Behind the scenes of The Banshees

Staying In

DRAMATIC VISTAS Colin Farrel and Brendan Gleeson in The Banshees of Inisherin.

Achill’s stunning landscapes showcased in tourism promo

Ciara Moynihan

Unless you’ve been hiding under a rocky cliff, you’ll be aware of the recent release of a certain film shot on Achill Island. You can’t open a newspaper or turn on the telly these days without being greeted by the lustrous eyebrows and mischievous demeanors of Collin Farrell and Brendan Gleeson.
It seems Academy Award and BAFTA-winning director Martin McDonagh’s latest movie is causing a stir here and abroad, and not only for its mesmeric storyline: The stunning backdrop is being hailed as almost a character in its own right, echoing the drama, reflecting the mood and helping to set the tone throughout.
Shot on Achill and the Aran Island of Inis Mór in 2021, ‘The Banshees of Inisherin’ is the first film McDonagh has made in Ireland since his Oscar-winning, Gleeson-starring 2004 short, ‘Six Shooter’ (if you haven’t seen it, seek it out – it’s both heartbreaking and darkly funny.) When it premiered at the Venice International Film Festival in September, it got a 15-minute standing ovation. Farrell won the Best Actor award for his portrayal of Pádraic Súilleabháin in the film, while McDonagh was awarded Best Screenplay. It went on wide cinema release in Ireland, Britain and the US last weekend, and it’s already raking it in at the box office.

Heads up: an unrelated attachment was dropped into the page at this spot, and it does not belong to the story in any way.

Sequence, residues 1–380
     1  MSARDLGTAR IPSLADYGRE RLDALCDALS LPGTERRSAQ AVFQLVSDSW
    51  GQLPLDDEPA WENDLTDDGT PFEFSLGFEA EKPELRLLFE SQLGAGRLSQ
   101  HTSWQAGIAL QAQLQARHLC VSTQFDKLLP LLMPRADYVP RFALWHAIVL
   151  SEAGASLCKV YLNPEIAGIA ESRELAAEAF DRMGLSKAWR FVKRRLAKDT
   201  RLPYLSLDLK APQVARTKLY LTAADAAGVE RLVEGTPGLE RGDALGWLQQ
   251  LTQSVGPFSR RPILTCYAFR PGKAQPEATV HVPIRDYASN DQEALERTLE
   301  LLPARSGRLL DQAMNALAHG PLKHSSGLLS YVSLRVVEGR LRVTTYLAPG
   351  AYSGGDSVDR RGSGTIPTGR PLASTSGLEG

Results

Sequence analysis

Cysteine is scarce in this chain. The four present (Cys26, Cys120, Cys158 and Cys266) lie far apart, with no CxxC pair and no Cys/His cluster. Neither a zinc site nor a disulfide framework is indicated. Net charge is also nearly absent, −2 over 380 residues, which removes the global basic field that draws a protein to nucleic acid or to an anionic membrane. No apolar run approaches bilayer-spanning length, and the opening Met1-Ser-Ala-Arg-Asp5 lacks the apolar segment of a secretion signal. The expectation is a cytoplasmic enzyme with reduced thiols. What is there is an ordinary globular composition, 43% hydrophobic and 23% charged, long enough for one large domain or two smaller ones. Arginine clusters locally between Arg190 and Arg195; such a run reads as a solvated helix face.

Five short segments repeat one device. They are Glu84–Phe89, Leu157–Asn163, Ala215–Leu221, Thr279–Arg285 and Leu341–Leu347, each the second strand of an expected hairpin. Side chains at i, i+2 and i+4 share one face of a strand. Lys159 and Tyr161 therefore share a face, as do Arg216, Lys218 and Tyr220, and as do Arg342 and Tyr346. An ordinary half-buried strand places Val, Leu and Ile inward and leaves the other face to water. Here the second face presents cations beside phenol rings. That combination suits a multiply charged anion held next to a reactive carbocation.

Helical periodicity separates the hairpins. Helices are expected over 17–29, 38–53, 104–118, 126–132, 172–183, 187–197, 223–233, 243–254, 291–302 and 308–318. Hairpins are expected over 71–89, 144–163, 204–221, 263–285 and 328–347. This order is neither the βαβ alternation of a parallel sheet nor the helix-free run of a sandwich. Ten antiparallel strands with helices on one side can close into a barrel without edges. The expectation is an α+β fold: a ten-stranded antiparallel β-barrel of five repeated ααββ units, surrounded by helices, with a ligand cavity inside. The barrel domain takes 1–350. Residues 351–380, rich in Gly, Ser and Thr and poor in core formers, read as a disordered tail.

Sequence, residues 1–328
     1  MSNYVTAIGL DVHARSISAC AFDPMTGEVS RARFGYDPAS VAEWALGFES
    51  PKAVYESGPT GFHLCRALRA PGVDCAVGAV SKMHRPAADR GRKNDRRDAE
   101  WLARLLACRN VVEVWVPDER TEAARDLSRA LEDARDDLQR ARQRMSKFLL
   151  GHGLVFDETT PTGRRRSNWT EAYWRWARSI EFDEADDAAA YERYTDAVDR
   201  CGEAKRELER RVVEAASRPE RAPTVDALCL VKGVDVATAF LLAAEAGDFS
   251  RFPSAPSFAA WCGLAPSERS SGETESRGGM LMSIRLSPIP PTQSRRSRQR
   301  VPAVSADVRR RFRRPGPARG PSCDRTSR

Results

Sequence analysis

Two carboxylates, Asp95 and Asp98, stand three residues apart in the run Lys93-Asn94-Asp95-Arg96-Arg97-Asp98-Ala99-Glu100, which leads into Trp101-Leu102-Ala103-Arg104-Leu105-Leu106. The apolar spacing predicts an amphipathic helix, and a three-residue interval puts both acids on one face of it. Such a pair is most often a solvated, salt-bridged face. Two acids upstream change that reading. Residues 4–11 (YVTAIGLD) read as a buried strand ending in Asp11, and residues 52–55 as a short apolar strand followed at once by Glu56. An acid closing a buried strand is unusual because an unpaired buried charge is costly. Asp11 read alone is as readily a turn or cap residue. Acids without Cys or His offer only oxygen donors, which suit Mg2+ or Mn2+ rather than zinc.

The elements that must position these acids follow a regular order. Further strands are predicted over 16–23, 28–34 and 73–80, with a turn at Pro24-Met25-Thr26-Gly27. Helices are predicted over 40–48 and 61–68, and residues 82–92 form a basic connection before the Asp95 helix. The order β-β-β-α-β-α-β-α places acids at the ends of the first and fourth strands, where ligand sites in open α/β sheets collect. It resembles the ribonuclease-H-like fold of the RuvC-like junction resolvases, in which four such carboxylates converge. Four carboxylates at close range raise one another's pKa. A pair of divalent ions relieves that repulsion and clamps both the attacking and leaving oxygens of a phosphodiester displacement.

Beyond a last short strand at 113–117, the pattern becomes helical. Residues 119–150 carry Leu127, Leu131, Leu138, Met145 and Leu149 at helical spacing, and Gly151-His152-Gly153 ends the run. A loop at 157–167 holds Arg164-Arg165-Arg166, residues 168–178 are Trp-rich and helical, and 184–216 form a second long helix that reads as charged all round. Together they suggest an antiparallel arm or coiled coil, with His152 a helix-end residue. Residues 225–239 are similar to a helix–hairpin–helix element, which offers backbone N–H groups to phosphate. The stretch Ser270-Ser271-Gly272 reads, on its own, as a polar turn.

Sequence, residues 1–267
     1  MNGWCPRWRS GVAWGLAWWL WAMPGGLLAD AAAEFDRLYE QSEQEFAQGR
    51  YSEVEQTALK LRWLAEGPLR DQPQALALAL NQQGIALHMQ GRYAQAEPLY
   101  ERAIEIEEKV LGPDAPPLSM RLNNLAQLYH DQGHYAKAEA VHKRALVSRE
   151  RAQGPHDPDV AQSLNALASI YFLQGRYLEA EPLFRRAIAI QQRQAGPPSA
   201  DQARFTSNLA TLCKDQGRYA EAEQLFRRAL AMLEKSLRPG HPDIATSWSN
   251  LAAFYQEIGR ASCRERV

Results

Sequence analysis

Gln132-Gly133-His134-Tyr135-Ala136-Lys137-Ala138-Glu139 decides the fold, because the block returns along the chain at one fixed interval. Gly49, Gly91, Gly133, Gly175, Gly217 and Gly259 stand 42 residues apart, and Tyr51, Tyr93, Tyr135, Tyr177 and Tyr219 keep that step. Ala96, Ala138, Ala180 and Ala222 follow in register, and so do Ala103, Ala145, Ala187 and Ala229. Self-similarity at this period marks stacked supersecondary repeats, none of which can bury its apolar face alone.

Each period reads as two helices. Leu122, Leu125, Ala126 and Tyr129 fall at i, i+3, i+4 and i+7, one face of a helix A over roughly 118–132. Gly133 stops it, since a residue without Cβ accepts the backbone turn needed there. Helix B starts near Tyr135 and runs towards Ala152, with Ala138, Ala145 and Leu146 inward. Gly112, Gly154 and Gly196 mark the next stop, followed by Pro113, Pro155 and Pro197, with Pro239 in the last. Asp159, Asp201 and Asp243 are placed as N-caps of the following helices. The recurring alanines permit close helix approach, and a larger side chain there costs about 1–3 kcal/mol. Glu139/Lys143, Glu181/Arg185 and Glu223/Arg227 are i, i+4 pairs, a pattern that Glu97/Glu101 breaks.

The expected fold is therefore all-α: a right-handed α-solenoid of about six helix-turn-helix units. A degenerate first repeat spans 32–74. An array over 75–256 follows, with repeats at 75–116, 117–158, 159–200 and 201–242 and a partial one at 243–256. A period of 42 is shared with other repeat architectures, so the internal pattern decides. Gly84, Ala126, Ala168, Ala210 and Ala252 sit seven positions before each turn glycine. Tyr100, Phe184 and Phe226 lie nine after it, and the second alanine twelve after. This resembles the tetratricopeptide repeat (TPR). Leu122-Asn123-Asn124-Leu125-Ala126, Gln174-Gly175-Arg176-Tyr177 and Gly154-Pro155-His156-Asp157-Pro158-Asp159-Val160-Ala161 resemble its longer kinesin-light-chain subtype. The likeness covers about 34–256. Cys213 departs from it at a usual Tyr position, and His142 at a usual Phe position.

Keen not to miss a trick, Tourism Ireland, in conjunction with Searchlight Pictures, has created a short, behind-the-scenes featurette using footage shot during filming for the film. The short highlights our stunning scenery and shows audiences why the islands were chosen as a location, with the aim of enticing new visitors to our shores.
McDonagh, Farrell and Gleeson feature, as do fellow actors Kerry Condon and Barry Keoghan, all sharing their feelings about their time on Achill and Inis Mór. While on Achill, the film crew shot at a range of locations, including Keem Bay, Lough Acorrymore, Purteen Harbour, St Thomas’ Church and Cloughmore.
“The places that we have been lucky enough to inhabit [while filming] have really held the story together – our dreams and our disappointments and our fears… and our need to allow the story breadth and vastness,” Farrell says.
For Dublin-born Keoghan, his time in the west was a welcome embrace of home. “When you’re living in London or working in the States, you miss it [Ireland] more, because you realise how good the people are and how beautiful your country is.”
And it was exactly this, the heart-stirring nature of the landscape, that McDonagh hoped to convey. “What we wanted to capture in the film was the beauty of Ireland and the cinema of it,” McDonagh says. “We just wanted to make one of the most beautiful Irish films we could possibly make.”

‘Behind the Scenes: The Banshees of Inisherin’ is available to watch on YouTube and on Tourism Ireland’s social media platforms.